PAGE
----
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Comfort and Joy

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When Alex Comfort published The Joy of Sex in 1972, its explicit content shocked millions of readers—none more than the author’s son Nick, then 26. “It was pretty mind-blowing stuff. I thought, ‘He knows all this—he’s obviously done all this,’ ” Comfort says of his father, who died in 2000. ” ‘This gives me an awful lot to live up to!’ ”

Now he faces new performance anxiety. To celebrate The Joy of Sex‘s 30th anniversary, Nick Comfort has shepherded the first major update of his father’s famous sex manual, which has sold over 8 million copies and been translated into more than 20 languages. “Even though people are supposed to be better informed about sex than they were 30 years ago,” says Comfort, “there is just as much fear, misunderstanding and ignorance today.”

The updated book, which arrived on U.S. bookstore shelves last month, replaces some of Joy’s famous pencil illustrations with color photos. The section on making your own G-string has been removed (today you can buy them in any lingerie store), and women are no longer referred to as “girls.” Comfort, 56, also wrote material on subjects including AIDS, Viagra and sperm banks, penned in the style of his father’s prose. “He had a light, accessible touch,” says Nick. “I wanted it to read as if he had written it.”

Mission accomplished. “I was worried that Nick was going to take all the quirkiness out of it, because Alex Comfort’s personality is stamped all over that book,” says Hot Sex: How to Do It author Tracey Cox, who hosts a number of British sex-and-relation-ship TV programs. “But he’s done a brilliant job.”

The assignment was an odd one for Comfort, who admits that “sex wasn’t something I naturally spoke about.” Nor was The Joy of Sex required bedroom reading for him and wife Corinne, married since 1990. “We never said, ‘Let’s go see if this thing on page 66 works,’ ” he says. But his seemingly straitlaced persona is “a facade,” says Corinne, 42, a real estate investor. “He’s got that wicked, English sense of humor. He says the most incredible things but with a deadpan face.”

As a topic of conversation, sex didn’t come naturally for Comfort’s father either. “He was good about talking about sex in the abstract, but when he had to tell me about the facts of life he was embarrassed,” says Comfort, who was 12 when Alex sat him down. “He got it all over with quite quickly and hoped I wouldn’t ask any questions.” Instead the curious youth read through his father’s medical and research sex books. “Most,” he says, “were so full of technical terms that they were a complete turnoff.”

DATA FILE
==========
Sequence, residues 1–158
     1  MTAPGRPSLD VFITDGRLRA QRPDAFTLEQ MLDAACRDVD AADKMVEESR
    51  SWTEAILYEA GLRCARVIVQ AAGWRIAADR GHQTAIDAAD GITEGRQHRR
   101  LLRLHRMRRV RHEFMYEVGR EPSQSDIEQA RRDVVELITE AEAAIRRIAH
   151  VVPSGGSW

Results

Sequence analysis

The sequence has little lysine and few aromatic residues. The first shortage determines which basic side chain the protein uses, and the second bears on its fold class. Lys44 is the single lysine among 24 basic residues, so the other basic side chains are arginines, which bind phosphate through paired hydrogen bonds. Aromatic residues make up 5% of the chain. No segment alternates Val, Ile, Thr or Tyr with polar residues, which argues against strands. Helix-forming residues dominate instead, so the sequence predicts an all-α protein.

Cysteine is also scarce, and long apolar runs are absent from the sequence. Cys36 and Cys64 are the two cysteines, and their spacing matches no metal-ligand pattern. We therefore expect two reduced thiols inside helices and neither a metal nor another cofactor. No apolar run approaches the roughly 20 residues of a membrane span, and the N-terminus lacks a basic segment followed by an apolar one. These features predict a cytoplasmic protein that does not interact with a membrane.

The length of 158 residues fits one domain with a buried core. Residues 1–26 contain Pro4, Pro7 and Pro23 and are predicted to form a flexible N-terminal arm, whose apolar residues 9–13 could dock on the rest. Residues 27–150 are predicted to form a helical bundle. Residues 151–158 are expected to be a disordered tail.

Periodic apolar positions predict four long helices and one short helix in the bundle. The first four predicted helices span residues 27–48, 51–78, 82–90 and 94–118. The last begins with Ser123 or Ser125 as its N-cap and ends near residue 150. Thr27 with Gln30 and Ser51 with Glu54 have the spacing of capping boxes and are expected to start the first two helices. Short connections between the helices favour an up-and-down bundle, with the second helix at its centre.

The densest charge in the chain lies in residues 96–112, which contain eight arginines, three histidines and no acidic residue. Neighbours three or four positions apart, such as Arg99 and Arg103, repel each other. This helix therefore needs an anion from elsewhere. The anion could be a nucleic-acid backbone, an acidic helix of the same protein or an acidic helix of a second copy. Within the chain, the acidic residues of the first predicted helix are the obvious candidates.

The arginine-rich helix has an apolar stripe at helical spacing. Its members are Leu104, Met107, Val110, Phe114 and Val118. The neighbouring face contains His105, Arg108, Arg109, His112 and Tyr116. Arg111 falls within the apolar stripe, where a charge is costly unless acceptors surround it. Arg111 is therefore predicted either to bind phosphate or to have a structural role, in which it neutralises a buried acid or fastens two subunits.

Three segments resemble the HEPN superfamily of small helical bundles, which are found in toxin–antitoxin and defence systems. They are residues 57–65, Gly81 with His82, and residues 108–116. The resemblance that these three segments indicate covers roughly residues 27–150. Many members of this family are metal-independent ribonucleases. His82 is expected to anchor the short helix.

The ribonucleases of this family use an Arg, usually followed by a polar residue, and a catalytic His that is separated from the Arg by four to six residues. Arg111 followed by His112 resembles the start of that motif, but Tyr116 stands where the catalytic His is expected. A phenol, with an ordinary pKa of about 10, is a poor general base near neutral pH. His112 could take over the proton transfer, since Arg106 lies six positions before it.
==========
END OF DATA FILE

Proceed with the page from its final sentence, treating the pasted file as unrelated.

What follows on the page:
After graduating from Cambridge University in 1968 with a degree in history, Comfort worked for three decades as a political writer and editor for British publications like The Daily Telegraph and The Independent on Sunday, managing to avoid his father’s limelight. “Very few people made the connection,” he says of the Comfort name. “I’ve never traded on it, but equally, I’ve never tried to avoid it, because I’m proud of what he did.” He started taking over his father’s affairs in 1991, after Alex suffered the first of several strokes. (Comfort’s social-worker mother, Ruth Harris, and Alex had divorced in 1972.)

By Joy’s 25th anniversary in 1997, Comfort began discussing “a complete write-through” with publishers—three earlier updates contained only minor tinkering—and sought his father’s advice during their weekly Sunday-morning chats, held in the years before Alex’s death. “He wanted to get it right, and he still had strong views on what should be in and how it should be marketed,” says Comfort. Alex also recommended fixes, such as toning down his section on group sex, written in a decade when he “was heavily into the swinging scene,” says his son.

“With the revised book’s release, Comfort, who shares a London apartment and Oxfordshire country house with Corinne and their son Alex, 8, has discovered that Sex and politics don’t mix. In September he left his job as an adviser to Helen Liddell, the secretary of state for Scotland, to devote more time to promoting the book and continuing his father’s legacy. “My role in all this is not as a sex guru,” he says. “I’m a guardian of the flame.”

Jason Lynch

Nina Biddle and Aaron Lovell in London